Probationers are people in our community getting a second chance to prove they can live a clean life. And sometimes the only way to prove they're doing that is with extensive drug testing. The system relies on those tests to be accurate, but people deep inside the program told the judge there are serious problems.
This is a busy place. It's one of the spots in Harris County probationers go to check-in and get a drug test. A positive result could mean going back to jail. But after hours of testimony Thursday, the probation department may have a tough time standing by all those results.
"There's no chain of custody. And at the end of the day, you just can't relay on a test that's given by the department to these probationers, to people on bond because there are no safeguards," said defense attorney Lisa Andrews.
She represents one of those probationers who tested positive. His was one of the 24,000 drug tests given every month in Harris County. Almost 2,600 of them come back positive.
In an incredibly rare move, Judge Denise Collins is listening to testimony from a courtroom full of witnesses, including the guy in charge -- Director of Harris Co. Community Supervision Paul Becker.
Ted Oberg: The allegation is that the urinalysis program over there is just in horrible disarray. Is that the case?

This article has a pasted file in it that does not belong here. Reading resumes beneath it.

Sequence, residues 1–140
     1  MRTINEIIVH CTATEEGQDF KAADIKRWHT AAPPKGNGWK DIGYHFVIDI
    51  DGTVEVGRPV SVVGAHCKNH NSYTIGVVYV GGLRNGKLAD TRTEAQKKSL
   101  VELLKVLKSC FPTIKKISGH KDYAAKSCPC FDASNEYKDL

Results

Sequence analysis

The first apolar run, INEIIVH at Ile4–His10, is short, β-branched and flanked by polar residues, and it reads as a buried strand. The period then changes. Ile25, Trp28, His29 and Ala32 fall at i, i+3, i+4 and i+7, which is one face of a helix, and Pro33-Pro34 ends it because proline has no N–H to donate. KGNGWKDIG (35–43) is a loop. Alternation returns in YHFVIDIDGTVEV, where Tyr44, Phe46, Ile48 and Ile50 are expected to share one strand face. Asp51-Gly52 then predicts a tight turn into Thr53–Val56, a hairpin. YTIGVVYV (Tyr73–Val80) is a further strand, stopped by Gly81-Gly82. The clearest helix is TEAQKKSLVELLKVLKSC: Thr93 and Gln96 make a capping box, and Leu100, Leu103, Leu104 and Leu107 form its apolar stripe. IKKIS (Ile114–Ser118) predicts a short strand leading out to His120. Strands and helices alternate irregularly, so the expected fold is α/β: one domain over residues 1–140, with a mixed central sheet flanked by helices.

Paul Becker: That's not the case.
Oberg: Then how are people who shouldn't be getting positive results ending up with positive results?
Becker: Occasionally, there may be an error made by the vendor who we submit our UAs to.
The chief scientist at that vendor, One Source Labs, took the stand on Thursday. He said he repeatedly warned probation for months that simple, but avoidable, clerical errors could result in false positives.
Steve Harris said the county ignored his warnings and he knew of 31 occasions where a positive drug test was attached to the wrong person.
And from inside the department, a current employee told the judge, "Every month, I'd have an administrative error and it would come up as a positive on another person."
Andrews thinks she knows of at least one case where it resulted in an innocent probationer ending up in jail.
"I think that that has happened, yes," said Andrews.
Ted Oberg: How many people do you think have ended up in jail over a false positive test?
Paul Becker: I have no idea.
Oberg: Has it ever happened?
Becker: Not that I'm aware of. I have no idea.
Oberg: Not that you're aware of or it hasn't happened?
Becker: I don't know.
On Friday, it's likely that Becker will get a grilling over that very issue. That's just how serious the problems are and how serious the consequences of sending an innocent person back to the Harris Co. Jail.